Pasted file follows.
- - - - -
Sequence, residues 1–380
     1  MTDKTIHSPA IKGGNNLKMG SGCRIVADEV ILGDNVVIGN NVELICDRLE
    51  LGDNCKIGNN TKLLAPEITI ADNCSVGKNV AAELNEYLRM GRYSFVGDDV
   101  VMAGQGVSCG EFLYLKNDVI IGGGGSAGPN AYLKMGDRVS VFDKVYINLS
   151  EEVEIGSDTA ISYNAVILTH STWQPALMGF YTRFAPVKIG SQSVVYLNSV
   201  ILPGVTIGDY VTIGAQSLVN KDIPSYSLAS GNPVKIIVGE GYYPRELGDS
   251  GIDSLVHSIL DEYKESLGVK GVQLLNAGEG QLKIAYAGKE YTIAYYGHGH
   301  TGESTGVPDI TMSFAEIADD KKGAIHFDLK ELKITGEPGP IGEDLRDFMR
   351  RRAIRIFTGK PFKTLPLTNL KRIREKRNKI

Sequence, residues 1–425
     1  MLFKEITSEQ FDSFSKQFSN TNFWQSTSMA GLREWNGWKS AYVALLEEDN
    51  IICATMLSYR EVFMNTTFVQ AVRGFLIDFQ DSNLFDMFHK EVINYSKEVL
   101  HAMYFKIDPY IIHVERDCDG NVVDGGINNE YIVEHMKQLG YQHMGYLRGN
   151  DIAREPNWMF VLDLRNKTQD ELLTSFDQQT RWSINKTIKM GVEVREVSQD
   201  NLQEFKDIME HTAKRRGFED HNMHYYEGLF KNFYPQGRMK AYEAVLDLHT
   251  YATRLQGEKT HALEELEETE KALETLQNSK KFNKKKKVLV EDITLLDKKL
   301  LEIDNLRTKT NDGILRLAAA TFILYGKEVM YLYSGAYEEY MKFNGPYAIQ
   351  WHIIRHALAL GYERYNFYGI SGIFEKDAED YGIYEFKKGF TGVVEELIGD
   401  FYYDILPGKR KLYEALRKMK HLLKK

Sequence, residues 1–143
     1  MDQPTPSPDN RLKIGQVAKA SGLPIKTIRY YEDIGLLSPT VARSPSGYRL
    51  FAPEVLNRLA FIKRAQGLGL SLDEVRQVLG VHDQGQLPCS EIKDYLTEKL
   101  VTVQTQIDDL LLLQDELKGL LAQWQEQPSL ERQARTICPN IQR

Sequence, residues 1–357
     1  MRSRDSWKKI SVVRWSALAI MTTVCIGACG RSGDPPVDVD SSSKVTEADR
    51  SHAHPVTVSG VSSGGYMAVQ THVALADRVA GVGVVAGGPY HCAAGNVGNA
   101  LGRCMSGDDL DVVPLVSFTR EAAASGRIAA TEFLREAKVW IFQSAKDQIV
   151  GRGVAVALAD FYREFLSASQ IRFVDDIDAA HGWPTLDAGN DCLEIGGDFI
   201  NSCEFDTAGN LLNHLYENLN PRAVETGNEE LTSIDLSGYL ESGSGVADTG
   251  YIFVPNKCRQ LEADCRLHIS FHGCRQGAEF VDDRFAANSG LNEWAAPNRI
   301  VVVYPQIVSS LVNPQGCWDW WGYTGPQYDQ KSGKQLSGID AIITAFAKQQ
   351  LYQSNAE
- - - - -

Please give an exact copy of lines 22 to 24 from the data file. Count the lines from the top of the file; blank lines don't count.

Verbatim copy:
    51  FAPEVLNRLA FIKRAQGLGL SLDEVRQVLG VHDQGQLPCS EIKDYLTEKL
   101  VTVQTQIDDL LLLQDELKGL LAQWQEQPSL ERQARTICPN IQR

Sequence, residues 1–357